- Word count: 1218
She walks round the ranch dressed inappropriately and seductively. She admits to Lennie that she doesn't like her husband and regrets marrying him. She seems to be of limited intelligence, as she was taken in by other men's promises of film parts. She is frequently associated with the colour red, a colour symbolizing an impure woman, as well as one calculated to enrage a "bull" such as Lennie. It is partly her desire to be petted and admired and allow Lennie to stroke her hair, which in turn leads to her death at Lennie's hands.
- Word count: 756
Among his possessions, in his room he has some books, including "a tattered dictionary and a mauled copy of the California civil code for 1905" This tells him his rights as a black man, so he obviously does not want to get on the wrong side of the law, so he keeps to his limits. Him having books suggests to us that he may have been well educated as a child. When he was young boy he lived on a smallholding with his father, so he was probably treated with a bit of respect, however, now he is just a
- Word count: 801
How does John Steinback convey the tension of the situation in the card-playing passage in chapter 3?3 star(s)
about Lennie's dog, though it didn't seem to lift the mood any or make the time pass quicker. "I bet Lennie's out there with his pup..............The silence fell on the room again" The time is shown to be going slowly by commenting on every minute that passes. "A minute passed and another minute." This shows how stuck for words everyone is and that no one quite knows what to do or how to act. Throughout the passage, the writer continuously refers to the silence in the room.
- Word count: 688
'Of Mice and Men' - The killing of candy's old dog foreshadowed Lennie's death. Describe the two killings, pointing out any similarities and differences between the two.3 star(s)
Carlson proceeds to describe to candy how he will kill the dog, "shoot him right in the back of the head" this shows the brutality in how he wants to kill the dog, Carlson does not realise how much what he is saying was hurting candy. Carlson can not understand the love the candy has for his dog. Candy does not put up much of a fight and the dog is lead away by Carlson. Tension is created in the bunk house before the dog is shot.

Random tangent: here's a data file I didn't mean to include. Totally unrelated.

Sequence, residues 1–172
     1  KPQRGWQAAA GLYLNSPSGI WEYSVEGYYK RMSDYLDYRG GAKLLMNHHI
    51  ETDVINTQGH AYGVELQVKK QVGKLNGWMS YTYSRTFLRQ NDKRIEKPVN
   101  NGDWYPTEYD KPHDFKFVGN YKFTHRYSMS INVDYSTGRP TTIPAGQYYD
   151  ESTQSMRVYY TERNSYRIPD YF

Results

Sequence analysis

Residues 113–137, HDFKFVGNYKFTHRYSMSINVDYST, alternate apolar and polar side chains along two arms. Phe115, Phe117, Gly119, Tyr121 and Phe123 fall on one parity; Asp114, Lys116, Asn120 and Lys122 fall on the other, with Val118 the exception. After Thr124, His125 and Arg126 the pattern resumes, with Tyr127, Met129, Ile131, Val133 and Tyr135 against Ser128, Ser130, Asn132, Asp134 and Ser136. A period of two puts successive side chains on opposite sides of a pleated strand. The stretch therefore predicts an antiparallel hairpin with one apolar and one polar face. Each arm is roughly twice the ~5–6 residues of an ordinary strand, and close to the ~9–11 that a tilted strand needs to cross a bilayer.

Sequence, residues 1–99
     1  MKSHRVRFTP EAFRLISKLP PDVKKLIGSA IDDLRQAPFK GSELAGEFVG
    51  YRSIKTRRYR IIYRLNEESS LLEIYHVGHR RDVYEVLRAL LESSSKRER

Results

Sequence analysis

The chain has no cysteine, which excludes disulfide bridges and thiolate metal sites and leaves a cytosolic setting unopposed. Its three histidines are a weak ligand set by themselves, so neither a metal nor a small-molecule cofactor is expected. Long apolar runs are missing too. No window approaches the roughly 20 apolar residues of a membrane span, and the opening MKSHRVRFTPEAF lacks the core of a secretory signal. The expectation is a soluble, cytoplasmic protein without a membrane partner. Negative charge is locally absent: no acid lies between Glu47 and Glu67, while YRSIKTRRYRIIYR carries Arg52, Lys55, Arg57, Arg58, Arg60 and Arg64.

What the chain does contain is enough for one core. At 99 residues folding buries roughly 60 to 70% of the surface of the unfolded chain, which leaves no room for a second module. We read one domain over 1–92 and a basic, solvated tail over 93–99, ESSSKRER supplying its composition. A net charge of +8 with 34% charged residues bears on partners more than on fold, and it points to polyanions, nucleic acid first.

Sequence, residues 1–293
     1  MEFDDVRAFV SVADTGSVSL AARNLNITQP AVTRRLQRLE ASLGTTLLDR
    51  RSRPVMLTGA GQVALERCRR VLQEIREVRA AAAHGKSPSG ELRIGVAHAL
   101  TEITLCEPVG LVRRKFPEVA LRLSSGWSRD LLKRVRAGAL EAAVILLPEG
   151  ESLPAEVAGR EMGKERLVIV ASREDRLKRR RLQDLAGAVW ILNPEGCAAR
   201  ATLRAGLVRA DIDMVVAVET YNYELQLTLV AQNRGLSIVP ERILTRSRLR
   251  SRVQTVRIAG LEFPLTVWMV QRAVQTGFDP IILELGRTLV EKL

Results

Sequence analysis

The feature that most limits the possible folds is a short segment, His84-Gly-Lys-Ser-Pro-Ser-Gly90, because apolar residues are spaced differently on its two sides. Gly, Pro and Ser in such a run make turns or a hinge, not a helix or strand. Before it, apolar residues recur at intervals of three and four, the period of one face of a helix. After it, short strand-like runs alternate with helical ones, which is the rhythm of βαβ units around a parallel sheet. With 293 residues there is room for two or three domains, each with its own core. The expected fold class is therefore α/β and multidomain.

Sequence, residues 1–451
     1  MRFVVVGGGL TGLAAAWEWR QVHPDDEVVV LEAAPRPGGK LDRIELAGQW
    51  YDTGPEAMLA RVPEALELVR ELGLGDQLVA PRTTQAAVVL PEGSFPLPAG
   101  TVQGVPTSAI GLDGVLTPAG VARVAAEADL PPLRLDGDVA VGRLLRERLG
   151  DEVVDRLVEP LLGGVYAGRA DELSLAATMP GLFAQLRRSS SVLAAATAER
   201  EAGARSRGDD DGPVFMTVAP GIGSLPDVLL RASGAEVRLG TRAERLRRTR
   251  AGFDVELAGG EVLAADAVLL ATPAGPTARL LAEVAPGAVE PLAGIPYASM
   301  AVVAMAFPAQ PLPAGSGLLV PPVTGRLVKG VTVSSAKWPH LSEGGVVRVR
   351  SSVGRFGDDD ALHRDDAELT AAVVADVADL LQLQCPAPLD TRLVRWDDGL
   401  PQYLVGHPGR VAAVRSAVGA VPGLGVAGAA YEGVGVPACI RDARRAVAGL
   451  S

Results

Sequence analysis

- Word count: 684
In many of Steinbeck's novels, women are described as dreary housewives or montrous tramps, but in East of Eden we see the evolution of a new kind of woman, one who is brought to goodness with guidance of a superior male.
Her nagging of Samuel, makes Liza a hard character to like because she focuses on Samuel's minor flaws, instead of embracing him for all the good he supplies. With her strict housekeeping regime and the known fact "that Liza and the Lord God held similar convictions on nearly every subject" Liza Hamilton, much like Steinbeck's own mother Olive Hamilton, fits the perfect dreary housewife (Steinbeck 178). Steinbeck continuously uses the negative traits not only to vilify woman but also to glorify his male characters.
- Word count: 1008
It is human nature to dream of a better life, this longing for something better is a theme of The Pearl but as with most of these tales it ends in tragedy for the seeker of the better life. Finding the pearl allowed Kino to fight against his destiny. To change the natural order of his life. To step out of his culture and his society. With the pearl comes hope, the promise of comfort and security but this has to be balanced with the dangerous and disastrous effects of stepping out of the established system.
- Word count: 2523
Readers often feel sorry for many of the characters in of mice and men. Explain why this is so and which character you have the most sympathy for.
The readers also feel sorry for Lennie Small because he is not very intelligent and very forgetful, even though he's a gentle giant, he wouldn't harm anyone not on purpose. Lennie also likes animals that are fluffy like rabbits, puppies, rats and he also likes soft materials like velvet. Lennie is very strong and he doesn't realise his strength for e.g. when Lennie crushed Curley's hand he didn't realise his strength. Lennie also thinks he's lost his things " George I can't find my work card" Lennie also wants George to tell the story of George and Lennie's dream of getting their own land with animals etc " come on George tell me please George.
- Word count: 1346
George came over and introduced them, "Hi, I'm George and this big fella' here is Lennie." Lennie then tried whispered something to George but I heard every word, "George, George, ask him 'bout dem dogs, please George?" George looked a bit embarrassed. "Candy tells us you got some new born pups. If there's one goin' spare, you reckon Lennie could have it?" George asked. "Yeah sure you can Lennie," I said "Come by the barn later and you can pick one out." He went all shy, with a smile from ear to ear, almost like a little kid.